From a Serious Article in AmericaOggi, Came a Fun Book About Growing up in Abruzzo in the 1960s

Feb 26, 2019 246

"Ero Gracile: La Rivincita Della B12," an article about growing up in Italy in the 1960s was originally published in Oggi7, the Sunday insert of the U.S.-based Italian-language daily newspaper AmericaOggi, on July 8, 2018. After a seven-month gestation, it was developed into a book at the urging of some of the newspaper's readers, who posted on the author's Facebook page their collective wish to read more similar stories.          

And so the book, I Was Frail: The Revenge of the B12 Vitamin & Memories of a Peculiar and Funny Era That Seems Long Gone, was born. It was written by Dom Serafini, editor of the New York City-based VideoAge, and a regular contributor to AmericaOggi. The book was published by Artemia Nova Editrice of Mosciano (Teramo) in Italy and is available on Amazon.com outside Italy.

The book tackles topics of daily life in Italy in the 1960s, particularly in the author's native Abruzzo Region. Some of those topics (such as little consumer waste and no recycling) have long since been lost, while others are still current (such as the mass migration of young Italian professionals to the U.S.). Serafini also covered what has been lost and/or earned over the years. Furthermore, the book links the Abruzzo Region with Milan and America.

The book itself is pleasant to read and makes use of humorous aphorisms that keep the narrative from becoming less entertaining.

The synopsis of the book reads as follows: "This book is addressed to three generations: to the one that came of age during the 60s, to their children, and to their grandchildren.

Readers who came of age during the 60s will look back nostalgically upon a period that time has turned what was then perceived as dramas into what now are viewed as comedies. Those who grew up in the 80s will be able to understand why their parents are so "strange." And the latest generation will discover that their grandparents were completely lacking in any and all obesity-related problems.

The 60s were known to many as a period in which an "Italian economic miracle" occurred, but those who lived through it failed to notice it then — they were only told about it later.

The leitmotif of the book is how to solve the existential problems caused by the youthful frailty of the author. Then there are the sub-themes, like his obsession with going to America (now a desire renewed in many young Italian people); the review of a daily way of life that is almost forgotten; the recollection of an old-fashioned school system that still worked despite its shattered form; and of course the importance of the home kitchen as a family fulcrum, before the gathering place moved to the living room.

It was essentially a simple era, when the Americans and the Russians got into fights without getting hurt, and the antagonism was moved into space with the race to land men on the moon.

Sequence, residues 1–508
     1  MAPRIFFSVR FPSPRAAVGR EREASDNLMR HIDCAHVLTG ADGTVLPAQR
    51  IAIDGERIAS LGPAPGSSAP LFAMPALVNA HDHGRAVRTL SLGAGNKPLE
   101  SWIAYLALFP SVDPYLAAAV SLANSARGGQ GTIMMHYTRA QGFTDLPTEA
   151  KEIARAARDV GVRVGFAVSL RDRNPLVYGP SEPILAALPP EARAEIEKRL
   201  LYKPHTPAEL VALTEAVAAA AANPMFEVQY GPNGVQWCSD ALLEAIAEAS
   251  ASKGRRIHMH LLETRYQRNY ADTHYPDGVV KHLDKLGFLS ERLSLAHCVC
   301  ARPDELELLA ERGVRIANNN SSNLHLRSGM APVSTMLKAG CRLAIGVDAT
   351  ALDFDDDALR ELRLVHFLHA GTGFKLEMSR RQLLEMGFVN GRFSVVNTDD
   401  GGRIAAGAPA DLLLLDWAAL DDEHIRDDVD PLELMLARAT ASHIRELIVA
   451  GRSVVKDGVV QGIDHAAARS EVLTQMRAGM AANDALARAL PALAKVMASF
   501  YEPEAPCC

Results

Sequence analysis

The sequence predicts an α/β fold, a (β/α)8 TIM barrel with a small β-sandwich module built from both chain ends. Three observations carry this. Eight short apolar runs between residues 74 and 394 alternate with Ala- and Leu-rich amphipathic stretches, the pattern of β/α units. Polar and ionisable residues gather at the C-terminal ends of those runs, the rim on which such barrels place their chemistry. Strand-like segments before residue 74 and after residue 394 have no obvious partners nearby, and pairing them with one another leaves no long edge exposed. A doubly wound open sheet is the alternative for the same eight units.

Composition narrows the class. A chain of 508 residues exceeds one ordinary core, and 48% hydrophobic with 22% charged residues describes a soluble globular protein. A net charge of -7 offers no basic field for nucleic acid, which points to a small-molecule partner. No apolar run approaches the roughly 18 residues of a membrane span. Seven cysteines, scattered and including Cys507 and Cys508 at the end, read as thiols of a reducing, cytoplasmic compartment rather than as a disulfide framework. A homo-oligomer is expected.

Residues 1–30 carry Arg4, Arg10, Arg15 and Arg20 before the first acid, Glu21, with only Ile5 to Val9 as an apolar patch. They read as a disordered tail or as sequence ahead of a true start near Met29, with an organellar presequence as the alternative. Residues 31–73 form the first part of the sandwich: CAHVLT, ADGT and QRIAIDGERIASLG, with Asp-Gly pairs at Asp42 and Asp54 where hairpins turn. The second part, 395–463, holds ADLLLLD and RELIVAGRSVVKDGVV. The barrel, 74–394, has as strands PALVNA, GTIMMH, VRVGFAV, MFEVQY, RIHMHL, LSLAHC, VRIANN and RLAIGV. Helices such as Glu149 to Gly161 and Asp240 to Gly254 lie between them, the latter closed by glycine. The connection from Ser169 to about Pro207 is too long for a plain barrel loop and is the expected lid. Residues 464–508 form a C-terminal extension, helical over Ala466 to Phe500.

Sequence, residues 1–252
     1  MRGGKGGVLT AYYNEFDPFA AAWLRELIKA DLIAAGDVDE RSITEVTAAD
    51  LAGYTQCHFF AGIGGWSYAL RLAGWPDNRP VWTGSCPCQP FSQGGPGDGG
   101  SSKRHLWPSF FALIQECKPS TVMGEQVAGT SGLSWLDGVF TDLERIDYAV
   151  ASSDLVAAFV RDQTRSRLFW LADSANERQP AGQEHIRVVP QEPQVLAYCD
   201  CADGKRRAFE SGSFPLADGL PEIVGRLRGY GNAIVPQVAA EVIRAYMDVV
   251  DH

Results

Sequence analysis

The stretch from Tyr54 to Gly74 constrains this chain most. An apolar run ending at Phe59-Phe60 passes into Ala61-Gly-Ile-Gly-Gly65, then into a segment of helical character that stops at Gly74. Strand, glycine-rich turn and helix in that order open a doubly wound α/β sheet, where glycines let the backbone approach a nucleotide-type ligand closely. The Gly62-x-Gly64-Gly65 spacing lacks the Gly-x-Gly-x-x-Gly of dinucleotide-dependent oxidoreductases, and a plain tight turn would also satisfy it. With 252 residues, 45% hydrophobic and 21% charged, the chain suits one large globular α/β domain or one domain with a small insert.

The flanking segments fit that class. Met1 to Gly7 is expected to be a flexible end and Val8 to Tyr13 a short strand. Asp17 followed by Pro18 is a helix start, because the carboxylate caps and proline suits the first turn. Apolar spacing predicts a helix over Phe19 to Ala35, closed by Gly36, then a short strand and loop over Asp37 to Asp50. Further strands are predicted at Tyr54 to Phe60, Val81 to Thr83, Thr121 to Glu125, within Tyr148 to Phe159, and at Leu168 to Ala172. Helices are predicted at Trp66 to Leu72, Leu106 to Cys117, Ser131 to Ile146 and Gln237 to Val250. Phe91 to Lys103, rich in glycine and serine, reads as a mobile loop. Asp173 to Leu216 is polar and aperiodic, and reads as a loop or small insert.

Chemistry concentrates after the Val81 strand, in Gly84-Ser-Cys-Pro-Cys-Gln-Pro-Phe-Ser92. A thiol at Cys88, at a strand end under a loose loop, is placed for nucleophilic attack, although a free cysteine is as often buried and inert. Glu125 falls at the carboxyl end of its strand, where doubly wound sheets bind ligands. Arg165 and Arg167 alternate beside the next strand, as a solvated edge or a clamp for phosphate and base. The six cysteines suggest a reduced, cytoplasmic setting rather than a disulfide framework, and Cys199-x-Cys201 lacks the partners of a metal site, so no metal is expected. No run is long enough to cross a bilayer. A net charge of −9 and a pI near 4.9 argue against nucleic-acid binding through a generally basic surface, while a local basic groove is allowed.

It was such a simple period, in fact, that it is hard to remember today how people lived without having to recycle everything, without dedicated bicycle paths, and without supermarkets in airports.

Who the author is explained on the book's back cover: "Dom(enico) Serafini has written eight books, two of which were digital, but they're all boring except one: this one! His boring books have almost all to do with television, including, The TV via Internet, published in 1999. This latest book, however, is autobiographical, entertaining and describes how time transformed dramas into comedies.

Serafini has contributed to various newspapers and magazines, including Il Sole 24 Ore, Il Corriere della Sera, and Corriere Adriatico. Today, he writes for AmericaOggi, Affari Italiani, and he has a Sunday column in Il Messaggero, about people from Abruzzo living outside Italy.

Serafini was also a three-time candidate for the Italian Parliament with the vote of Italian citizens living outside Italy (once with a party that he founded), but the voters did not find him as amusing as the other candidate from Abruzzo and elected abroad, former senator Antonio Razzi.

For a living, he works as the editor of the New York-based VideoAge, a monthly TV magazine he founded in 1981 that, without his awareness, has become the leading Hollywood publication for the buying and selling of television programs. Overcoming many difficulties in 1983, Serafini also founded VideoAge Daily, a trade fair printed daily. The hardship made him realize why no one was able to do it before. In 1983, he also changed the name of Hollywood’s main trade TV event from the "May Screenings" to the "L.A. Screenings," which is universally accepted today.

To relax, Serafini would like to tend crops, but the lack of sun in his New York City apartment only allows him to work in a small garden. And instead of growing tomatoes, he nurtures green plants, ferns in particular.

Among the many awards he has received, there is a summons for slander from the Milan Malpensa airport for having complained that the site lacked sufficient electrical outlets to recharge laptops and cell phones.

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